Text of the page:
Besides keeping tabs on recovering forests, the group has also organized a number of events called “bioblitzes” where volunteers gather at a park or forest to catalog as many species as possible throughout the course of the day. Every participant of a bioblitz is armed with a smartphone loaded with the iNaturalist app, a website that allows nerdy nature lovers to catalog the species they come across in the wild. Developed by Ken-ichi Ueda, one of N4N’s own members, the iNaturalist website contains information on hundreds of thousands of species collected by members from across the world.
N4N’s bioblitzs and change brackets, as well as iNaturalist, are modern day examples of citizen science, a growing trend within many scientific fields that seeks to enlist ordinary people in gathering and analyzing scientific data. A famous example of this is the SETI@home program, a distributed computing project that allows amateur astronomers to donate their idle computer time to the task of analyzing radio waves from the dark recesses of space.
By crowdsourcing this kind of data gathering, environmental institutions and government agencies are able to keep costs low while still collecting all of the data they need to monitor the health of ecosystems and specific species. It also has the dual benefit of getting more members of the public involved in the scientific enterprise, helping to strengthen the layperson’s understanding of environmental science and increasing awareness of such issues as invasive species, pollution, and climate change.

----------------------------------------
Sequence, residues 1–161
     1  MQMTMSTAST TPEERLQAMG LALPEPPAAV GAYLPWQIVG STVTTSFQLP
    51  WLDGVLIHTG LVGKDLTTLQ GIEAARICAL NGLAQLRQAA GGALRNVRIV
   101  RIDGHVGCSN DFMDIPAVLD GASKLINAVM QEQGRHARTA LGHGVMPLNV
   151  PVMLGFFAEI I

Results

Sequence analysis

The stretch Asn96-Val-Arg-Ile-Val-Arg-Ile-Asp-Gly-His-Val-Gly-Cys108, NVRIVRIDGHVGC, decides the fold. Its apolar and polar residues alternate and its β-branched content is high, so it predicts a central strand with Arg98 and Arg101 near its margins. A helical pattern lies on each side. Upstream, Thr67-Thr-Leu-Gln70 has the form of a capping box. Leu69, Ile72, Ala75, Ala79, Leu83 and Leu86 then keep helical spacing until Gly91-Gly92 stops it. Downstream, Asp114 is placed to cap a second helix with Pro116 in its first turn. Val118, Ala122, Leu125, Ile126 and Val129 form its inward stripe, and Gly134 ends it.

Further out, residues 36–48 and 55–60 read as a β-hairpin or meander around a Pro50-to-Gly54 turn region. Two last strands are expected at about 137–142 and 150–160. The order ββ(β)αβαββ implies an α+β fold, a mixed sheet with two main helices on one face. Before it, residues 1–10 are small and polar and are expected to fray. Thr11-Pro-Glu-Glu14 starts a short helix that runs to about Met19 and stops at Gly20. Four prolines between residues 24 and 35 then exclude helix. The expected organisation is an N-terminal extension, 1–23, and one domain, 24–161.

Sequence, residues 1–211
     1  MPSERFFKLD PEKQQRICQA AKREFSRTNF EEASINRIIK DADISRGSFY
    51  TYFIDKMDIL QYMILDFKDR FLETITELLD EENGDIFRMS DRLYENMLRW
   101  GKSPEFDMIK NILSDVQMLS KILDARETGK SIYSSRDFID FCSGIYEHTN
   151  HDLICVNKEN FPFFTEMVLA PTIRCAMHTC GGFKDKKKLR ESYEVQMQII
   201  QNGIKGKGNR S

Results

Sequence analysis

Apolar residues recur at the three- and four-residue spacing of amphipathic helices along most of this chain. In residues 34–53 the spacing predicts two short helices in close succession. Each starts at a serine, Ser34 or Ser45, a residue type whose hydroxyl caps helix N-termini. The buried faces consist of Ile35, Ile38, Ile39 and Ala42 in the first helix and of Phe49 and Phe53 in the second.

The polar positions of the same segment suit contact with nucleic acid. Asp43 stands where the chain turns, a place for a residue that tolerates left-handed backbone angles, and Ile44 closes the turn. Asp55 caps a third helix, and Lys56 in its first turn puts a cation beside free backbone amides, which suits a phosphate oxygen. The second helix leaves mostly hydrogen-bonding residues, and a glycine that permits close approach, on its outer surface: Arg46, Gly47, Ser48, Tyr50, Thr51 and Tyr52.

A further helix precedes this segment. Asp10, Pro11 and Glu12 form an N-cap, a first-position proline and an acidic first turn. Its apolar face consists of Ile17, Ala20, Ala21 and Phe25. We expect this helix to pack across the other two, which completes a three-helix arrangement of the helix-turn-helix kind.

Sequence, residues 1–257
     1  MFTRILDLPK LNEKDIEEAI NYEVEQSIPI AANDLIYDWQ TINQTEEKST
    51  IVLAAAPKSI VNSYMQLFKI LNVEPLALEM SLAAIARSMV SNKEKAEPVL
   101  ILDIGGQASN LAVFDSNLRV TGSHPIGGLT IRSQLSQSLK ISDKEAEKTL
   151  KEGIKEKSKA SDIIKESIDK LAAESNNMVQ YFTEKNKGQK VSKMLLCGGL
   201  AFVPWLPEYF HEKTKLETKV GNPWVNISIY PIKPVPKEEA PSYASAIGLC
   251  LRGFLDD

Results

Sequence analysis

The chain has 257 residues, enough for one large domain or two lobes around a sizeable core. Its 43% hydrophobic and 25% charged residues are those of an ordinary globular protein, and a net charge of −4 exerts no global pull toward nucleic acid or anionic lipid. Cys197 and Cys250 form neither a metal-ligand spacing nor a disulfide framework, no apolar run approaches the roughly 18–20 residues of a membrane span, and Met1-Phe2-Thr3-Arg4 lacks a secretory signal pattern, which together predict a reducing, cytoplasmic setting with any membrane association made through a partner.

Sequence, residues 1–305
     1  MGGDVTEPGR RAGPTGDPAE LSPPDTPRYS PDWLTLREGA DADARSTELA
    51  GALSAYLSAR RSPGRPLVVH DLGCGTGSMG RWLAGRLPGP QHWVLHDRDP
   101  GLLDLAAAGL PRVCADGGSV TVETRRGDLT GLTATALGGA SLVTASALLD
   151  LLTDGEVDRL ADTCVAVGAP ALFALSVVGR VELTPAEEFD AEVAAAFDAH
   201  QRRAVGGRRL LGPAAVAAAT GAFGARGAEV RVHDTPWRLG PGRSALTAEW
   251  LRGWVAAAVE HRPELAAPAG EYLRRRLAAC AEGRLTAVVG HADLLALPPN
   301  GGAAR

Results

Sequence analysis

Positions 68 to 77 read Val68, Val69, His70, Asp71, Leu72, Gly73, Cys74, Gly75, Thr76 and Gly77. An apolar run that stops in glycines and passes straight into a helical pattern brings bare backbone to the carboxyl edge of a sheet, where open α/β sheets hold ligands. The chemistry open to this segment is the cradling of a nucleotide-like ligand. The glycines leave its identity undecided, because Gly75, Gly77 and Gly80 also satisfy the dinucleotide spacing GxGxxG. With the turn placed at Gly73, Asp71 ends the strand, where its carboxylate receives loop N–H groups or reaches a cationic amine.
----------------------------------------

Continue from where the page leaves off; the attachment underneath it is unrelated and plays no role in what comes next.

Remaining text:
The Sky’s the Limit
Outside of its crowdsourcing efforts, N4N has started developing its own homebrewed tools to help ecologists in the field. One N4N group is working to create inexpensive air quality monitors for measuring levels of carbon monoxide, sulfur dioxide, and other toxic gases. At present, the most accurate handheld meters on the market can cost upwards of $2,000, and the most sophisticated systems cost more than half a million dollars, putting them out of reach of individuals and most nonprofits. What N4N intends with its own meters is to create relatively low-cost stations that can provide meaningful air quality reports at the neighborhood/street level, where levels of air pollutants can be drastically different from what is reported in the daily forecast.